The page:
We’re thrilled to announce the public availability of WordPress Toolkit 4.1. Due to the large amount of changes under the hood, we needed more time to ensure everything works. However, good things come to those who wait because here it is now! Featuring the Remote WordPress Management Plugin, Website Quarantine and more great improvements.
Remote Management for WordPress Toolkit Plugin
Let’s start with the biggest change introduced in WordPress Toolkit 4.1: The Remote WordPress Management Plugin. The plugin is a part of the overall Remote Management functionality, which is still available as a Beta feature.
Many customers told us they couldn’t use the Remote Management feature because they don’t have root SSH access to the remote server. The only other (reasonable) way to connect remote WordPress sites on such servers was to use a WordPress plugin.
Once you provide access credentials to the remote WordPress site, WordPress Toolkit connects to it and installs the plugin. The Toolkit can then manage the site to the full extent of capabilities offered by the Remote Management functionality.
In rare cases where WordPress Toolkit for some reason cannot connect to your site and install the plugin, there is a workaround offered directly in the interface:
In short, you need to download the plugin and install it in WordPress manually. Then copy the connection data and paste it in the connection window inside WordPress Toolkit.
To minimize the impact on hosters, the ability to use the plugin is limited to server administrators. The plugin will leave Beta once the whole Remote Management feature leaves Beta. Speaking of which, we’ve made a number of improvements to the Remote Management functionality based on internal testing and user feedback.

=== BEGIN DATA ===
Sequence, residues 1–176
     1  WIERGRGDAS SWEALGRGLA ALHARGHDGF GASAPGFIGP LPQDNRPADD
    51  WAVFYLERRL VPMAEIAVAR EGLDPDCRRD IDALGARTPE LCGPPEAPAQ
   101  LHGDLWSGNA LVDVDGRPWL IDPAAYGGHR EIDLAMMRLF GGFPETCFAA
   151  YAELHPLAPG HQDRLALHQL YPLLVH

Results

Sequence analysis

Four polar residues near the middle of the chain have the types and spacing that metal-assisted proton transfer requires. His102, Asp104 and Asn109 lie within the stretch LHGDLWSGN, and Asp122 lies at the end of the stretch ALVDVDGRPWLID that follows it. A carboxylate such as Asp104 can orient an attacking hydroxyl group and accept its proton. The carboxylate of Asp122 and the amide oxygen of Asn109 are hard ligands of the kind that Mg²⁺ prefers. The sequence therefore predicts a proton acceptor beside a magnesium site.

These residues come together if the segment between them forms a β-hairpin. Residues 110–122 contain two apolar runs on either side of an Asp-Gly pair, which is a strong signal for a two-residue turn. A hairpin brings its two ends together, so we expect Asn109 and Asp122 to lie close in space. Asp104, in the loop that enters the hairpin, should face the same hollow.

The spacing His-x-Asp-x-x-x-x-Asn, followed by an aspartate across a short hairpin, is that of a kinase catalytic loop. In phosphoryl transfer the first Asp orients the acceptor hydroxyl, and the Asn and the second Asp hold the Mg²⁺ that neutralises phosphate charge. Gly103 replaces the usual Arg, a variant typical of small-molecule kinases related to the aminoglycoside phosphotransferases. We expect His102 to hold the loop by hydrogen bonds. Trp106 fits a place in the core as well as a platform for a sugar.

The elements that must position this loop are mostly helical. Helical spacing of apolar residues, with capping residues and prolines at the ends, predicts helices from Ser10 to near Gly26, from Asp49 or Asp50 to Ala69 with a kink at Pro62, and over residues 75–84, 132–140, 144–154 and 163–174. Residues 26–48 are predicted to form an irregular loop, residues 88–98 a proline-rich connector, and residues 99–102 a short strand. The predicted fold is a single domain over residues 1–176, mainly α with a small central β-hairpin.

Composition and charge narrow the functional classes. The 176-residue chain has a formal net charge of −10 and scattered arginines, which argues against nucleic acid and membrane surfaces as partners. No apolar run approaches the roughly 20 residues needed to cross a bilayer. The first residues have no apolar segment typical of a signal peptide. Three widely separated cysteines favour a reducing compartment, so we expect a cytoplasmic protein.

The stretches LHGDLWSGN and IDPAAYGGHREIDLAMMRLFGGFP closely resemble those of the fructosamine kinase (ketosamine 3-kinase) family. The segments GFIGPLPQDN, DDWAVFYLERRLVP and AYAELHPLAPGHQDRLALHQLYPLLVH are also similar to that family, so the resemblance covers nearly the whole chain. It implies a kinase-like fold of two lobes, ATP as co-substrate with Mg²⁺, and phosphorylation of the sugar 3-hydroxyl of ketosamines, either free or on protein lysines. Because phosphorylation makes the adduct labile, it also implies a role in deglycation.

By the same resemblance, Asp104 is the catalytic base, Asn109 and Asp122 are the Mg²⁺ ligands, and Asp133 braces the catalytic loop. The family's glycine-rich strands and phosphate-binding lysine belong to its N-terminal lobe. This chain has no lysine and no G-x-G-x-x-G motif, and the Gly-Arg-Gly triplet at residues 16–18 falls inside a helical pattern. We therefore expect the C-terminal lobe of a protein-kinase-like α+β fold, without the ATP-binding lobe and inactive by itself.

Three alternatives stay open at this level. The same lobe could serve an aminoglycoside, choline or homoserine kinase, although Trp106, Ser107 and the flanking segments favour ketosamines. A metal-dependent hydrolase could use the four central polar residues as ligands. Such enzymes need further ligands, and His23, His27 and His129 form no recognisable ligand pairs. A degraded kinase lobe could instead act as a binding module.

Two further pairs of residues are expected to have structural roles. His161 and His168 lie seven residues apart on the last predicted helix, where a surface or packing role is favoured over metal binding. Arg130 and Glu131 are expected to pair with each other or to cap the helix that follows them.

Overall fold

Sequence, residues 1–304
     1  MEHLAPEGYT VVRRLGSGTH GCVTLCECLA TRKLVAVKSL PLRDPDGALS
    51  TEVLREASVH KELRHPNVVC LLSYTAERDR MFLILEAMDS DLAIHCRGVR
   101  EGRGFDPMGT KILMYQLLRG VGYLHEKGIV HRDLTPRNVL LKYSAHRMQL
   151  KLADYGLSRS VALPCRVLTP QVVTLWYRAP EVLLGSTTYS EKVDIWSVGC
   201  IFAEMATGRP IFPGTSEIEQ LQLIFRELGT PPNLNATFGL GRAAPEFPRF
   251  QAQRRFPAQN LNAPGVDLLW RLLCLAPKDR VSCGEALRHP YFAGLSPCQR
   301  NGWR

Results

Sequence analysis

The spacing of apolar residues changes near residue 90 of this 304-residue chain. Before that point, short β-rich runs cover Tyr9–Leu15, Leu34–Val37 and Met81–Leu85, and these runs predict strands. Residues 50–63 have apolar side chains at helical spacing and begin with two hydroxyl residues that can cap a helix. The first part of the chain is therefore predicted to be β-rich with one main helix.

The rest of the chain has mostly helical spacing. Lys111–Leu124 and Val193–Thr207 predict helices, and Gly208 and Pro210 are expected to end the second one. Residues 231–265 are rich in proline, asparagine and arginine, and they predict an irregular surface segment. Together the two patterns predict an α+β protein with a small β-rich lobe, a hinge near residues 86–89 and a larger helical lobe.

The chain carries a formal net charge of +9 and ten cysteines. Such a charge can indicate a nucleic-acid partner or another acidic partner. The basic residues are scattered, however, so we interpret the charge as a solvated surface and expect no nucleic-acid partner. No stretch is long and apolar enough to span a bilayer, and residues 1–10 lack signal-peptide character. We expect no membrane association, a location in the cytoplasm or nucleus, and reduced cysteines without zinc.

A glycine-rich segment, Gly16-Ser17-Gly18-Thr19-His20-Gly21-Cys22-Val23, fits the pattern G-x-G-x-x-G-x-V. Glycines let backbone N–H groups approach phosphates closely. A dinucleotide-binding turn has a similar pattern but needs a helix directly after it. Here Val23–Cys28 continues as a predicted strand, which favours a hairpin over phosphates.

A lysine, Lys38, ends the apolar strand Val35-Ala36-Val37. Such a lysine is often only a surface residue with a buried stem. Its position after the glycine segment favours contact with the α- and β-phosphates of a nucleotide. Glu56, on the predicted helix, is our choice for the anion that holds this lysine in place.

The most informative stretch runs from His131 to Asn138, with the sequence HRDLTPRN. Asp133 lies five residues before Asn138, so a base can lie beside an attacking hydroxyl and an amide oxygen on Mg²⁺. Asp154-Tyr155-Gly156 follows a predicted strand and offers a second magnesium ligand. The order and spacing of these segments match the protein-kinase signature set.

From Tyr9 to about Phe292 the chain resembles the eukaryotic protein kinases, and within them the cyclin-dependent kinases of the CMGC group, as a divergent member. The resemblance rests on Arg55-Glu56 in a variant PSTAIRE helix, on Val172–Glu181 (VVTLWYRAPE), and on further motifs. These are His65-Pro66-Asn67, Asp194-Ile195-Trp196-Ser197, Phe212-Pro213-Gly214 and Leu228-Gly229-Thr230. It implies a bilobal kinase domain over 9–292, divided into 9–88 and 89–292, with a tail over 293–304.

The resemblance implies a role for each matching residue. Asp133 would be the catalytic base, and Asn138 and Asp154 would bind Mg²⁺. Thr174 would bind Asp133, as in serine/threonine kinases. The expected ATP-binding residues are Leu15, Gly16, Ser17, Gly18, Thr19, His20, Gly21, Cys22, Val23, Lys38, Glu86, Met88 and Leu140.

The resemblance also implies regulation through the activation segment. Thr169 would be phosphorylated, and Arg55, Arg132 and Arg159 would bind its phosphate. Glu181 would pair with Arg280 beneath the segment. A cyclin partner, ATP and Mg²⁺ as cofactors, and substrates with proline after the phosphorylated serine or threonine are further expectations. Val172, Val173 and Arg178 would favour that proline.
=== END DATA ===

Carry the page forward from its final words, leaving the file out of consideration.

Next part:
WordPress Website Quarantine
We’ve often encountered a situation where scanning the server for WordPress sites made the WordPress Toolkit completely unresponsive. After some digging, we found that, most of the time, it is malware infection on one or more WordPress sites on the server that causes this problem. This caused WordPress Toolkit not to properly access certain important files. So it was doomed to eternally wait for files, while not responding to any commands.
To address this issue, we added a reasonable timeout for certain WordPress Toolkit operations. The suspicious WordPress websites that WordPress Toolkit finds now go into quarantine mode. Then, WordPress Toolkit proceeds to working with the rest of the websites. This fix should also address several reported issues with connecting remote servers that host such websites.
Site Health Check Support for WordPress Toolkit 5.2
WordPress 5.2 has introduced a new feature called Site Health Check. This feature helps website owners get useful information about the health of their website. Unfortunately, we found out WordPress Toolkit was not working well with WordPress updates.
This was not easy to fix, but thankfully, our top-notch engineers found a good solution. The constant in wp-config.php file now contains the actual status of WordPress automatic updates. So the health check isn’t triggered by it – unless you turn off all automatic updates manually. However, WordPress Toolkit will still handle the updates, and you can get notifications and use Smart Updates as before.
WordPress Toolkit improvements, fixes and upcoming releases
WordPress Toolkit now provides more information about broken websites to help users identify the website and troubleshoot the problem. You can now find the exact path where the broken files are located.
Another notable improvement was related to the Clone and Copy Data functionality. These operations can now handle absolute paths in WordPress database.
Our team has also fixed a bunch of customer-reported bugs too, which you can find in the full WordPress Toolkit 4.1 release notes. The next WordPress Toolkit release will focus on changing the way our Smart Updates work. This and several more customer requests that we’ll address. So stay tuned for news about WordPress Toolkit 4.2.